The Kindle people are diabolically clever by offering up all kinds of free downloads, mostly of classics but plenty of other stuff to get you hooked, like "Assassin's Apprentice" by Robin Hobb and "His Majesty's Dragon" by Naomi Novik, both of which I had already read and admired and both the beginning of addictive series. Joseph Finder's "Paranoia" is up there free, as is "Elric: The Stealer of Souls" by Michael Moorcock. I downloaded a couple of freebies that I probably wouldn't buy but might try for nothing, which I am sure was the plan, like "Manifold Time" by Stephen Baxter and "Blood Engines" by T.A. Pratt and "Weapons of Choice" by John Birmingham. Then, while nosing around, I broke down and spent a few thin dollars on "To Kiss or Kill" by Day Keene and "Leaves of Grass" by some dude.

Suffice to say I am ready for my beach vacation in a few weeks. Give me a shout at

Wednesday, July 08, 2009

The Imaginary Blonde

Longtime readers know about my fascination with the detritus of a misspent youth; 70s comics, Gold Medal paperbacks, late-night creature features, musical one-hit wonders, and the like. Those who, like me, peruse the dustbins of history for forgotten lore know that it is not so much the acquisition as the hunt.

For instance, recently I went to a party at a friend's and came across a box of comics his mother had chucked out of the attic and told him to get rid of. He hadn't gotten around to throwing it away yet and I peeked in out of curiosity and found a whole slew of 60s-era Marvel Comics with single- and double-digit numbering and titles like Uncanny X-Men and Daredevil and The Amazing Spider-Man. Yes, the little voice in my head told me to casually offer him $20 to take the box off his hands but I couldn't do it.

Even more recently I was visiting a little antique store my wife had dragged me into and I happened across a stack of old magazines. The old man running the shop told me a 99-year-old man had recently passed away and the proprietor had been given the opportunity to sort through his junk and see if anything was worth saving.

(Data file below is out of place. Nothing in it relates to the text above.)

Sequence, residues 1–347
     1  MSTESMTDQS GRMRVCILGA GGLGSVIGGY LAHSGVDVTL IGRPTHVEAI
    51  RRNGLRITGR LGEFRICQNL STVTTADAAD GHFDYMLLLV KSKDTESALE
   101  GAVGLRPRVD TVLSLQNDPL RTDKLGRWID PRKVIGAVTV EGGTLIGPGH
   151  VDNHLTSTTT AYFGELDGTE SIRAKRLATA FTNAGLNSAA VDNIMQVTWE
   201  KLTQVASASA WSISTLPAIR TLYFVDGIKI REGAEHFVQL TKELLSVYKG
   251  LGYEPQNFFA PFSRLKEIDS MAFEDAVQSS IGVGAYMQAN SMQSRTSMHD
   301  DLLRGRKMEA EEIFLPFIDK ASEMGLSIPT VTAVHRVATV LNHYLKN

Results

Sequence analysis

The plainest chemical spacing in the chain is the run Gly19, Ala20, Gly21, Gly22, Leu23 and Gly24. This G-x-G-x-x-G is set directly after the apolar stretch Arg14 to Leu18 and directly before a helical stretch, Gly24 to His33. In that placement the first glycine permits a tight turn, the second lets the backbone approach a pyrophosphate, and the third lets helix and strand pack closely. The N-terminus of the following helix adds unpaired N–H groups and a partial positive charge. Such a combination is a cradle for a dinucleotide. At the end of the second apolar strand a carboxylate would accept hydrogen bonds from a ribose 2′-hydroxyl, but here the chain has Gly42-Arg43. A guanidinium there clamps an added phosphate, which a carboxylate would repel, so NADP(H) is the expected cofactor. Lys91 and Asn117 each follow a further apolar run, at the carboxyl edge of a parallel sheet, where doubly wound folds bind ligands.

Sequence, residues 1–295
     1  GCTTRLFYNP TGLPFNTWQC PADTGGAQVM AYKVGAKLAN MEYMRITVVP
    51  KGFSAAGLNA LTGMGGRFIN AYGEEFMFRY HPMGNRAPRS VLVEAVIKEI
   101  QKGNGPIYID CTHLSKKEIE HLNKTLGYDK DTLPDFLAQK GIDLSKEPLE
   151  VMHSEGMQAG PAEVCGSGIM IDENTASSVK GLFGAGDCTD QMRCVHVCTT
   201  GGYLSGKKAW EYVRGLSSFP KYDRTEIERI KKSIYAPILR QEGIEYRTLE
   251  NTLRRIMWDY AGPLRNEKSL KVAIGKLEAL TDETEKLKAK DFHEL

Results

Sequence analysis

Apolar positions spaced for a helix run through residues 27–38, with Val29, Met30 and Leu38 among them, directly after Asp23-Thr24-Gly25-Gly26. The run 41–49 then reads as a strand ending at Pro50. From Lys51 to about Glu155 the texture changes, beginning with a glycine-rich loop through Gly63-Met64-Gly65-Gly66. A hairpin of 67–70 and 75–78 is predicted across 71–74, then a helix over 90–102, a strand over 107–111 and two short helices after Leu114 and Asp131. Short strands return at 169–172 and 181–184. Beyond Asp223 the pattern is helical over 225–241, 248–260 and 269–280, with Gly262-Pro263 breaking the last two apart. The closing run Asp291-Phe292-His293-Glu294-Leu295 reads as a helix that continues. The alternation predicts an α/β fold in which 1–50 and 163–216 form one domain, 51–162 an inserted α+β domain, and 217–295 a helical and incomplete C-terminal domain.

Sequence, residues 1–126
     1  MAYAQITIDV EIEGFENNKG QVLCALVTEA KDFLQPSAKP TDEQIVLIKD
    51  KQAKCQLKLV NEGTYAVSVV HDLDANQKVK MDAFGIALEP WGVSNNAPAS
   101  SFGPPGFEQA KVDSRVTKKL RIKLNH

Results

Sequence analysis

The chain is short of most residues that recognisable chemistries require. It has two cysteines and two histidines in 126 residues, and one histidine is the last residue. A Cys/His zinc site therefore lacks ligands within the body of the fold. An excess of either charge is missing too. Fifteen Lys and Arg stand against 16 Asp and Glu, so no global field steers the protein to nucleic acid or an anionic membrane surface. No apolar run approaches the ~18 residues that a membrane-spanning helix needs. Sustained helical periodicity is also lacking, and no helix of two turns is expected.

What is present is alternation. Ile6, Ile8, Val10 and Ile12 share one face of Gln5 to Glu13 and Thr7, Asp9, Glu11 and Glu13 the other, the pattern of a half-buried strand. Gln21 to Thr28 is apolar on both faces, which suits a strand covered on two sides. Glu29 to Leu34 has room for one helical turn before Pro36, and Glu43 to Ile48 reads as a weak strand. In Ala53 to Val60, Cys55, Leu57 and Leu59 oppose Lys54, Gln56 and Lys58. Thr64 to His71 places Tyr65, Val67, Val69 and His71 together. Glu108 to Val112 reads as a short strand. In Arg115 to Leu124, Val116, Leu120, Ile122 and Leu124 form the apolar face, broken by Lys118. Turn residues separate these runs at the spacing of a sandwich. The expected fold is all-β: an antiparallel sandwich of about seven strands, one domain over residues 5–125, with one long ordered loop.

My eyes landed on Manhunt Detective Story Monthly #1, January 1953, with stories by Mickey Spillane, William Irish, Kenneth Millar, Richard S. Prather, and Evan Hunter, among others. If you do not recognize these names, please leave this blog immediately and go to Google, then come back when you are educated, grasshopper. Right behind this one was issues 2, 4, and 9, featuring Richard Deming and David Goodis and Ross Macdonald (as I said, Google).

All for a thin dollar each. The proprietor must have seen my bad pokerface because he hesitated to sell them at the eleventh hour, but without making a quick trip to ebay couldn't figure out how not to sell these to me.

Later I checked out ebay myself, and suffice to say could make back my $4 rather easily. But these are made for reading myself, looking at the covers and thinking about that quickening of the pulse when I saw them on the dusty shelf.

I'll be out nosing around, but can be found at